Aaberg was surprised as anyone when the bidding climbed past $50,000, then kept going until the hammer dropped at $91,000. His reserve was $48,000. According to Ingrassia, it was the perfect storm of six bidders, including one by phone, trying to buy the car, not only for its just-restored condition but also for its Caspian Blue paint and combination of desirable options, including the 289 Hi-Po engine, four-speed, GT Equipment Group, Pony interior, console, and styled steel wheels. Ingrassia also says Aaberg spent a lot of time with the car to answer bidder questions.
"As the bidding kept going up, Aaberg thought maybe he was getting punked for a TV show or something," Ingrassia laughs. "But there's always something to be said for a fresh restoration."
Mustang: 50 Years Ago
January 1, 1964, began a new year of prosperity in the United States. In the first quarter of the year, more cars were sold than at any other time in the country's history. Parts production for the upcoming new Mustang shifted into high gear. Inventories were beginning to build at the Dearborn Assembly Plant where the new pony car would come together. With the name "Mustang" finally chosen by Lee Iacocca and styling VP Gene Bordinat, as late as mid-January there was still no decision on which of the three horse-themed fender and grille emblems would be used on the production cars.
Pilot plant chassis assembly was scheduled to be concluded by February 10. The first of the pre-production cars would begin line production on that date, so the factory assembly line tooling was being moved into place during late January for installation on February 7. Planning called for the new car to be built simultaneously with the Fairlane. Factory part inventories were being integrated on the line and assembly line worker training had been completed.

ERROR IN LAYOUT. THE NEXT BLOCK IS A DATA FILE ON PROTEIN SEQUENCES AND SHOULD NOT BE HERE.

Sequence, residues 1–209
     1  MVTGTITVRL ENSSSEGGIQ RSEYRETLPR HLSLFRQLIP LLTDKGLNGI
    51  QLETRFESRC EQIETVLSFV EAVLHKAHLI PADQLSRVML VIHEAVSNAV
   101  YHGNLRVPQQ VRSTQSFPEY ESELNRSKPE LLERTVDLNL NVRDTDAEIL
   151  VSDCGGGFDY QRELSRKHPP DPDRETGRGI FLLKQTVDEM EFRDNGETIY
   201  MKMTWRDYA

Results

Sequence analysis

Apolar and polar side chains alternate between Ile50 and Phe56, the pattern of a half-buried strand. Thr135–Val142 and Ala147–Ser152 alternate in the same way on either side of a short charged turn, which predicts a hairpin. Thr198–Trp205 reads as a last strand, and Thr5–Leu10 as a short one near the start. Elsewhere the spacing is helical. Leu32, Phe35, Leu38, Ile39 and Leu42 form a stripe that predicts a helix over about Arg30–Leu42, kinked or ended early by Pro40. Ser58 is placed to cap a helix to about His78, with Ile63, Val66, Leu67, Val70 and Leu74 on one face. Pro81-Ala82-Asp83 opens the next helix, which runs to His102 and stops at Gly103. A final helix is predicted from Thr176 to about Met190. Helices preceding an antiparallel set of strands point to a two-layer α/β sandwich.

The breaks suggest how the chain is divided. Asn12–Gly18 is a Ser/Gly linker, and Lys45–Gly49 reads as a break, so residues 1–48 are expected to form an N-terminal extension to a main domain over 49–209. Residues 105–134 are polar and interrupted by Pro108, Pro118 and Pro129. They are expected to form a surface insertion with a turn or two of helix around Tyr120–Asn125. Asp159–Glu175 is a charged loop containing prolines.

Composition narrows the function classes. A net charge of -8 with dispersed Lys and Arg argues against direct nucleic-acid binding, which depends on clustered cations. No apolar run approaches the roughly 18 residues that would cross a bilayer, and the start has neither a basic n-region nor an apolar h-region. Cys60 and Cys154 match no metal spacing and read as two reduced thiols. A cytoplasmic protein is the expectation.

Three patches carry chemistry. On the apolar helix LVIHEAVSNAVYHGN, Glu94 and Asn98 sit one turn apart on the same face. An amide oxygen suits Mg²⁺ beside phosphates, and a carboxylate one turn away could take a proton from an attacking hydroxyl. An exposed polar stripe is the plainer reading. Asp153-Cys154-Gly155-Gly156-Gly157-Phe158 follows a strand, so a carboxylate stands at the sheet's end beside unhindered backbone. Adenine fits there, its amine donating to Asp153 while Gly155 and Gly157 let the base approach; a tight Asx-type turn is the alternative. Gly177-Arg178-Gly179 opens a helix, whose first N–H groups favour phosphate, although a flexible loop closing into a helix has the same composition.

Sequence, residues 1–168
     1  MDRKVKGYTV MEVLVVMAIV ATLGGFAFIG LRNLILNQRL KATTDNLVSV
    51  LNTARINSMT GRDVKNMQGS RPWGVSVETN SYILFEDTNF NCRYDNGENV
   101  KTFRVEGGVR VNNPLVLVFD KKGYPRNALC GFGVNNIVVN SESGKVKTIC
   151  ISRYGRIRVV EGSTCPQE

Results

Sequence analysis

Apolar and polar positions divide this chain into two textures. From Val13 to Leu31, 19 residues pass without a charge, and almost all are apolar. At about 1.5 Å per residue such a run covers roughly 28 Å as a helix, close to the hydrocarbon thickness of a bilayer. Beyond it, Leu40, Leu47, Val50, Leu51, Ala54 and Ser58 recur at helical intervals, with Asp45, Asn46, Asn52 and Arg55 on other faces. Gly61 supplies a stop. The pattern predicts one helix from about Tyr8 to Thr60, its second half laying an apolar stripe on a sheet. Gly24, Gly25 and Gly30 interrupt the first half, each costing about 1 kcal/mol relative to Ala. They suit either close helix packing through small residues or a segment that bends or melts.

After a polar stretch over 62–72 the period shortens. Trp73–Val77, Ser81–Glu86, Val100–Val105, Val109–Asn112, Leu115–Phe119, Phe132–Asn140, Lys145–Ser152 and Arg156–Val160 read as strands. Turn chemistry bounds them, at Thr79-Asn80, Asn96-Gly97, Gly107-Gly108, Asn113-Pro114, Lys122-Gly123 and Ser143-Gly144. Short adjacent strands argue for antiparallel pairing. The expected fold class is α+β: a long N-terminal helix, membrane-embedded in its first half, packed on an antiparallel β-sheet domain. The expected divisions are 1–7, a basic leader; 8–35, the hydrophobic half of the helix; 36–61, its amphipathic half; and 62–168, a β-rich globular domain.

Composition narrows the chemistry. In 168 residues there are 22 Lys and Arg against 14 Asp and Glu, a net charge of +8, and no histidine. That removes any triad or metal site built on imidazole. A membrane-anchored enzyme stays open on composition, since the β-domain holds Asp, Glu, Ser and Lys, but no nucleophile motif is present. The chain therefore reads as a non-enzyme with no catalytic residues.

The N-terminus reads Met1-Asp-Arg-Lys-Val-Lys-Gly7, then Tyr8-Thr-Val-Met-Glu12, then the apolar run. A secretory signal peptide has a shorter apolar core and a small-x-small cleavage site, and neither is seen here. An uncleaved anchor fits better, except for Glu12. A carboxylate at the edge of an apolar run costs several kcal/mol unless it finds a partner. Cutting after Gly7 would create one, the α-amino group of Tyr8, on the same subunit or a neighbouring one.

On January 21, motoring press members previewed early pilot plant Mustangs, then testdrove them on Ford's Dearborn test track. Iacocca addressed the group: "We think you're in for a driving experience such as you've never had before." After the test drives, it was reported they were in agreement. None of the previewed cars were ever identified by VIN number; subsequently, all were destroyed. Pilot plant Mustangs were also driven on country roads for testing purposes. Whether stopped at restaurants or motels, the cars were surrounded by onlookers wanting to see "Henry's pony car." The word was getting out.
By late January, Ford's financial commitment was up to $65 million. Any costly mistakes at the beginning of production could be ill-afforded. Iacocca's career at Ford was on the line if the new Mustang didn't turn a quick profit. Fortunate for Mustang lovers, the bet paid off.
Detailed history of the first Mustangs will be part of the Mustang 50th Birthday Celebration on April 17, 2014, to be held in Las Vegas and Charlotte. Plan to attend. —Bob Fria (author of Mustang Genesis, available from Amazon or by contacting the publisher: McFarland and Co., Box 611, Jefferson, NC 336/246-4460).